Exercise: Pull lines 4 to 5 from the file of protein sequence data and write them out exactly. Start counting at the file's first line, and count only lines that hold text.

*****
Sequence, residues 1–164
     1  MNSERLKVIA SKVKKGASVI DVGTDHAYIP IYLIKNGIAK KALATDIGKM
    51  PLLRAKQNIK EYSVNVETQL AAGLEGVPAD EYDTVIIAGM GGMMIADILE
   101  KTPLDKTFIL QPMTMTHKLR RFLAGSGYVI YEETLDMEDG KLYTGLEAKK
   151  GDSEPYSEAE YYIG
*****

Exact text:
   101  KTPLDKTFIL QPMTMTHKLR RFLAGSGYVI YEETLDMEDG KLYTGLEAKK
   151  GDSEPYSEAE YYIG